Shining light on the darkness of mental illness

Officer Ariel Werther talked with conference-goers.  (Wrangler News photo by Alex J. Walker)
Officer Ariel Werther talked with conference-goers. (Wrangler News photo by Alex J. Walker)

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By Joyce Coronel

We may be a modern society awash in digital technology and high-tech medicine, but there’s still a pervasive stigma when it comes to mental illness.

Two Chandler police officers decided to do something about it. They organized a free, daylong event aimed at bringing issues like mental illness, addiction and suicide out of the shadows and into the light.

For those who’ve anguished over the struggles of a loved one’s troubled life, it couldn’t come soon enough.

Officers Melissa Lotz and Loranda Tibble, the driving force behind “A Focus on Understanding and Hope,” held at Chandler Center for the Arts, said their goal was to create awareness and help individuals and their families find resources and support.

More than 45 organizations took part in the affair, including Aurora Behavioral Health, Awakening Recovery and the American Foundation of Suicide Prevention.

So how much of police interaction with the community is fueled by substance abuse or mental health issues?

“We were dealing with so many issues last year, either PTSD or mental health-related—that’s why we came up with the idea,” Lotz said. “It’s out there. It’s big, and people need to recognize it.”

Tibble concurred.

“We’d definitely say an overwhelmingly high number. The average citizen, whatever the number is—I think they would be shocked.”

According to the Arizona Suicide Prevention Coalition, suicide is a leading cause of death in Arizona, with about 800 people taking their lives each year in the state. And as numerous news outlets have reported, there’s also an ongoing crisis involving opiate addiction and overdose.

Arizona ranks second in the nation for deaths from drug overdose.

“We would go out on calls all the time where people had family members who told us they felt so hopeless,” Tibble said.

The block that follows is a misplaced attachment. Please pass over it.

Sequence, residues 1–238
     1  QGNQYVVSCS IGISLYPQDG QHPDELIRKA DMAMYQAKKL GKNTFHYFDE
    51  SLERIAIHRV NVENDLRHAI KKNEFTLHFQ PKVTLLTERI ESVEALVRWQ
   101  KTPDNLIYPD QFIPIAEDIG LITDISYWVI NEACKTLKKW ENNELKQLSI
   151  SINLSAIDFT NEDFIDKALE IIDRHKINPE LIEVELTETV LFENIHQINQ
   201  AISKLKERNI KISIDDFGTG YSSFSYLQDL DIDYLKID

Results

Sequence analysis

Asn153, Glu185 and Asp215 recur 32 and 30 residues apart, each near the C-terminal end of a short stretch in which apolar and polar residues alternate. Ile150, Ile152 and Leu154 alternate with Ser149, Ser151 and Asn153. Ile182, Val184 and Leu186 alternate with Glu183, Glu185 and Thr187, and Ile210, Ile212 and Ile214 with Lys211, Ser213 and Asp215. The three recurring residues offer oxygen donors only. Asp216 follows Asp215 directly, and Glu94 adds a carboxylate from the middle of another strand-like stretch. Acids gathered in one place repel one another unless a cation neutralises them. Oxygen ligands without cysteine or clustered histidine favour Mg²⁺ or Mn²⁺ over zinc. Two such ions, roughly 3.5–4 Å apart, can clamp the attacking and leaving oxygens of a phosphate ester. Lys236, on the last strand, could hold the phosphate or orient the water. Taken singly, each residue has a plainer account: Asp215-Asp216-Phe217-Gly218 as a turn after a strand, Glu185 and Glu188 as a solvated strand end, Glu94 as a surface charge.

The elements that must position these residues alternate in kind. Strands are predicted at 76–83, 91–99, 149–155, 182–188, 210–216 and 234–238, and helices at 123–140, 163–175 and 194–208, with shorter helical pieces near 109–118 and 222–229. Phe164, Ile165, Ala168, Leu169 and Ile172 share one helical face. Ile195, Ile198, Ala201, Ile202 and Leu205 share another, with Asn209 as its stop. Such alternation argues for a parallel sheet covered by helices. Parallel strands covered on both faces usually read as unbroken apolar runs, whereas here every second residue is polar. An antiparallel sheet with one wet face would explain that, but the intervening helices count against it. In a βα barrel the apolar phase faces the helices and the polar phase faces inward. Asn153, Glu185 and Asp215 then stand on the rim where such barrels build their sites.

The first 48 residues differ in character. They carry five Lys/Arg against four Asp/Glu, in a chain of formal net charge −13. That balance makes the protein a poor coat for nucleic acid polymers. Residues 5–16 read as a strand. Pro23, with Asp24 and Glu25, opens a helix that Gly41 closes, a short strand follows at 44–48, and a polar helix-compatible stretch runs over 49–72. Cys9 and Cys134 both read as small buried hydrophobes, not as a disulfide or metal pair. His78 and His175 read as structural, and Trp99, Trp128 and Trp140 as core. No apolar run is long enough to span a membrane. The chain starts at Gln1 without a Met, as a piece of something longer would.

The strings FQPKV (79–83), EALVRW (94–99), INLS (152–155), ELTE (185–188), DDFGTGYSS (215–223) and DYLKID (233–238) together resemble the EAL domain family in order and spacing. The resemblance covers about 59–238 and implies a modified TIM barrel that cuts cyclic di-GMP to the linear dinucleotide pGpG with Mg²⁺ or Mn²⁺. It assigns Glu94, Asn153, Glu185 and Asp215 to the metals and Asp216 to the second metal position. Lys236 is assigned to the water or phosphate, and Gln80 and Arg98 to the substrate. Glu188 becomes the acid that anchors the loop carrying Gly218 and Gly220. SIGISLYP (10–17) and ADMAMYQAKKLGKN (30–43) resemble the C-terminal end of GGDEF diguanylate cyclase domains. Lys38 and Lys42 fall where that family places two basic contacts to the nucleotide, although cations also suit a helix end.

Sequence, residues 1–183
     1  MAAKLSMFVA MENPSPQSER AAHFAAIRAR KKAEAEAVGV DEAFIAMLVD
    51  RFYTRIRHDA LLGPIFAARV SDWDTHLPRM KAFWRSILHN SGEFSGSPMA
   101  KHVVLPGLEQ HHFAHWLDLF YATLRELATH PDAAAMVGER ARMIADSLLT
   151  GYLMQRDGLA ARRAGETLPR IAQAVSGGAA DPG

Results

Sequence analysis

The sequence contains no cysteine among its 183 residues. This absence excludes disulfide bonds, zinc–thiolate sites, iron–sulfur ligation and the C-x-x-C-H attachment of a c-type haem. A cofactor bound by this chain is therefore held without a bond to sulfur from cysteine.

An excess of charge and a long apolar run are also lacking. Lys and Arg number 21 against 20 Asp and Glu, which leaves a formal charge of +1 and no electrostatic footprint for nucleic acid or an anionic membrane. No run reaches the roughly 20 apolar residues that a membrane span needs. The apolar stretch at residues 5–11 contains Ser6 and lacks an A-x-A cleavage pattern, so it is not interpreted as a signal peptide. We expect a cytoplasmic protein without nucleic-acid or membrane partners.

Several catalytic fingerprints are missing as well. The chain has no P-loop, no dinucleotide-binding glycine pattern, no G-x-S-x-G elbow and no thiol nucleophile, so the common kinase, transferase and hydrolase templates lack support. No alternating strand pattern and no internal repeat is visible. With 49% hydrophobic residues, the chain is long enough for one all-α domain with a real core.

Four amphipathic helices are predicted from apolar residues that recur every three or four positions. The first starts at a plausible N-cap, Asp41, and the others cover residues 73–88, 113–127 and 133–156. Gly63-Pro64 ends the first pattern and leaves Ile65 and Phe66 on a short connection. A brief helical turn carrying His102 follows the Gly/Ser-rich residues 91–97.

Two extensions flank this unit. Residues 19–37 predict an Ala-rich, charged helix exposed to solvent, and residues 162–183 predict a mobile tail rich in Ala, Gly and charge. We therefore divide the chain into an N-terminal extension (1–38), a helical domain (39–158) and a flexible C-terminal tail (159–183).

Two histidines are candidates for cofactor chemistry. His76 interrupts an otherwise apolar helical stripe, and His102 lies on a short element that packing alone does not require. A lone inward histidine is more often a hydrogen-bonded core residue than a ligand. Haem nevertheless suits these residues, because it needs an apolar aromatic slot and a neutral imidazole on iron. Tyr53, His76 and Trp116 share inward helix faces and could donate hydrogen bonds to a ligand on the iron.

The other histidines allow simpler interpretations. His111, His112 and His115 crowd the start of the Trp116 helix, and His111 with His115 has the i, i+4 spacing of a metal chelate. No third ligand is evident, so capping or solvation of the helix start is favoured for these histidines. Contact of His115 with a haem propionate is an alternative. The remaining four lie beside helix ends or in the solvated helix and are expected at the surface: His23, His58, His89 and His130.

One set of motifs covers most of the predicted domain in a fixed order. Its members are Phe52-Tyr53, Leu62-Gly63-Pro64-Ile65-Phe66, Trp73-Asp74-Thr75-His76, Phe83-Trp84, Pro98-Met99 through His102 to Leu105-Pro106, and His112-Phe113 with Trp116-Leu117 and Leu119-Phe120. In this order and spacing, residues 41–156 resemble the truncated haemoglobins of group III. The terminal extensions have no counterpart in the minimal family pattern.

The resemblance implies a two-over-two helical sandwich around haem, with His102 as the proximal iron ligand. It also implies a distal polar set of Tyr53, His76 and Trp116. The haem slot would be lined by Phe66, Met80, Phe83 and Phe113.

“They don’t know how to help their family members who were coping with a mental illness. We didn’t really have the resources available to us and we didn’t know what was out there.”

Both officers wanted to get more training in order to help stem the tide.

“We went to a weeklong training to find resources and what we could do to help people and we came back from that with eyes wide open,” Tibble said. 

Last year, they put on an event that gathered 25 exhibitors and a guest speaker. This year, the community gathering grew exponentially, with an array of speakers in three halls and dozens of exhibitors. Speakers addressed everything from what substance abuse looks like, to finding hope in the midst of addiction, to overdose prevention, trauma and readjustment for veterans and Post-Traumatic Stress Disorder. Police officers who attended received training credit hours.

“We want people to know where to start to get resources. Once people start accepting it, it almost seems like it’s easier to ask for help,” Tibble said. “There is help available and there are so many resources that people just don’t know about.”

In terms of overcoming stigma, Tibble said that one of the hurdles is the common perception that people suffering from mental illness are likely to pose an extreme danger to others. When Wrangler News brought up the 2011 Tucson shooting by a man with a mental illness who killed six and critically injured U.S. Rep. Gabrielle Giffords, Tibble had this to say:

“A lot of times people assume or think that if you have a mental illness that you’re going to do something drastically big, like the examples you gave. And that’s a very small percentage of people.”

Mental illness covers a wide range of conditions, she said. “There are so many people that suffer with this. Just because you have an addiction or a mental illness does not mean by any means that you’re a bad person.”

Valley Hope, which operates an addiction treatment facility in Chandler, held a march that ended at the doors of the Chandler Center for the Arts just prior to the event organized by Lotz and Tibble.

According to Valley Hope’s website, the march was held “to create awareness around recovery and inspire Champions of Hope within our community.”    

Joyce Coronel
Joyce Coronel has been interviewing and writing stories since she was 12, and she’s got the scrapbooks to prove it. The mother of five grown sons and native of Arizona is passionate about local news and has been involved in media since 2002, coming aboard at Wrangler News in 2015. Joyce believes strongly that newspapers are a lifeline to an informed public and a means by which neighbors can build a sense of community—vitally important in today’s complex world.

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